Court of Claims Act § 11 (b) requires, among other things, that "[t]he claim shall state the time when and place where such claim arose, the nature of same, the items of damage or injuries claimed to have been sustained and . . . the total sum claimed." The pleading must set forth sufficient facts to satisfy each of the pleading requirements set forth in Court of Claims Act § 11 (b) (see Kolnacki v State of New York, 8 NY3d 277, 280-281 , rearg denied 8 NY3d 994 ), and the failure to do so is a fatal defect in subject matter jurisdiction requiring dismissal of the claim (see Lepkowski v State of New York, 1 NY3d 201, 209 ; see also Kolnacki, 8 NY3d at 281). The purpose of the pleading requirements of Court of Claims Act § 11 (b) is "to enable the State . . . to investigate the claim[s] promptly and to ascertain its liability under the circumstances" (Lepkowski, 1 NY3d at 207 [internal quotation marks omitted]). "Although absolute exactness is not required, the claim must provide a sufficiently detailed description of the particulars of the claim . . . [and] defendant is not required to ferret out or assemble information that section 11 (b) obligates the claimant to allege" (Morra v State of New York, 107 AD3d 1115, 1115-1116 [3d Dept 2013] [internal quotations and citations omitted]).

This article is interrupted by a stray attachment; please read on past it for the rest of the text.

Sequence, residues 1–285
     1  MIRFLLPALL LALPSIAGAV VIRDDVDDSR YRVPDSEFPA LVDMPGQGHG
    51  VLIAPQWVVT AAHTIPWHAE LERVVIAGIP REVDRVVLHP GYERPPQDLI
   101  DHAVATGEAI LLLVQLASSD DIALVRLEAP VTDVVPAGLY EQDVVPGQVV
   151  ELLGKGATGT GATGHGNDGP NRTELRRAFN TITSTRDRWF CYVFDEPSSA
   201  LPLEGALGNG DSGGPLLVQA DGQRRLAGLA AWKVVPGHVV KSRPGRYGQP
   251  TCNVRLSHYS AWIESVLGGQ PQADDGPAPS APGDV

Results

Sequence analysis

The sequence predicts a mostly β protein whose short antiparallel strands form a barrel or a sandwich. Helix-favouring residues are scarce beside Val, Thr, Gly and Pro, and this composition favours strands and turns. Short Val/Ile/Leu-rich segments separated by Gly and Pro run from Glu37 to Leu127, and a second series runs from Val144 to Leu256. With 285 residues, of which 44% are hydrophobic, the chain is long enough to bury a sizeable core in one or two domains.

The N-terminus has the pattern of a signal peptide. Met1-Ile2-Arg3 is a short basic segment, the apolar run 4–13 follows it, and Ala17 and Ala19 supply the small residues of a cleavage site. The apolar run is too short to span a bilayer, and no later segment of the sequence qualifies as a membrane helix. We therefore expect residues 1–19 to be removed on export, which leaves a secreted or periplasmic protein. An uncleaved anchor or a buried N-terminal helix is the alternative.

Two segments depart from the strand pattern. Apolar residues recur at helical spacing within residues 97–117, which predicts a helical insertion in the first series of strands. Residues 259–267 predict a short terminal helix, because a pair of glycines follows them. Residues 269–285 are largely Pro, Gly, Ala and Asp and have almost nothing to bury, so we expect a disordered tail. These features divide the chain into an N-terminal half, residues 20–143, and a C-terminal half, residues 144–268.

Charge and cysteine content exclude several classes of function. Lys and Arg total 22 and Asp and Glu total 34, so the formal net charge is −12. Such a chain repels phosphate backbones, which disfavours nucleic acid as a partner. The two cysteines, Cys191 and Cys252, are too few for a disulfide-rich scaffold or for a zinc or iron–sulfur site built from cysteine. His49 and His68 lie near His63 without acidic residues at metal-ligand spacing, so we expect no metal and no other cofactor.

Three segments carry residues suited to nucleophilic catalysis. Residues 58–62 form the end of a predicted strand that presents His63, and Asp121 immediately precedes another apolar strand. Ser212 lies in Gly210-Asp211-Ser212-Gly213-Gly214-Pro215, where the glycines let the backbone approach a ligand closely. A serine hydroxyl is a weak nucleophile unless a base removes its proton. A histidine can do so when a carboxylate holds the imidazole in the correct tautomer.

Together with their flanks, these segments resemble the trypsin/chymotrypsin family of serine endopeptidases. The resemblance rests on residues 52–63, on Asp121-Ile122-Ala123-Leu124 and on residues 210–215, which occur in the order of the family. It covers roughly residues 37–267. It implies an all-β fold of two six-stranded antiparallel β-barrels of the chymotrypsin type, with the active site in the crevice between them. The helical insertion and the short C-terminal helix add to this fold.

To be sure, the allegations contained in the claim are unquestionably brief, asserting merely that claimant was physically and sexually assaulted by several correction officers at Green Haven CF on June 22, 2020, and that he thereafter was denied medical treatment (see Claim No. 134996, ¶ 2). The assault allegations, although limited, clearly describe the incident that forms the basis of this claim and identify the correction officers that were allegedly involved and thus, in the Court's view, the claim provides the State with sufficient information to investigate the claim and ascertain its liability, and the claim will not be dismissed for failure to allege the nature of the claim as required by Court of Claims Act § 11 (b). Moreover, the Court disagrees with defendant that the assault allegations in the claim fail to comply with Court of Claims Act § 11 (b) insofar as it does not allege "the items of damage or injuries claimed to have been sustained" (Court of Claims Act § 11 [b]). Notwithstanding that the assault allegations are brief, the claim clearly alleges that claimant was the subject of a sexual assault whereby an object was "forcefully" placed into his rectum, and that claimant was assaulted by correction officers who stepped on claimant's neck and kicked him in his genitals (Claim No. 134996, ¶ 2), and thus the claim patently alleges personal injuries related to the assault. Thus, those assault allegations will not be dismissed for failure to comply with Court of Claims Act § 11 (b). However, defendant is correct that the claim fails to comply with Court of Claims Act § 11 (b) as it pertains to the allegations that claimant was denied medical care, as the claim is bereft of any allegations as to the date or dates, location or locations, and particulars of any such denial(s). Moreover, to the extent that the claim could be construed as alleging a cause of action sounding in unlawful confinement insofar as it alleges that claimant was illegally handcuffed, it contains no factual allegations concerning the period of any unlawful confinement, nor does it allege why the confinement was illegal or unlawful, and thus fails to comply with Court of Claims Act § 11 (b). Accordingly, any causes of action alleging denial of medical treatment and unlawful confinement will be dismissed as jurisdictionally defective.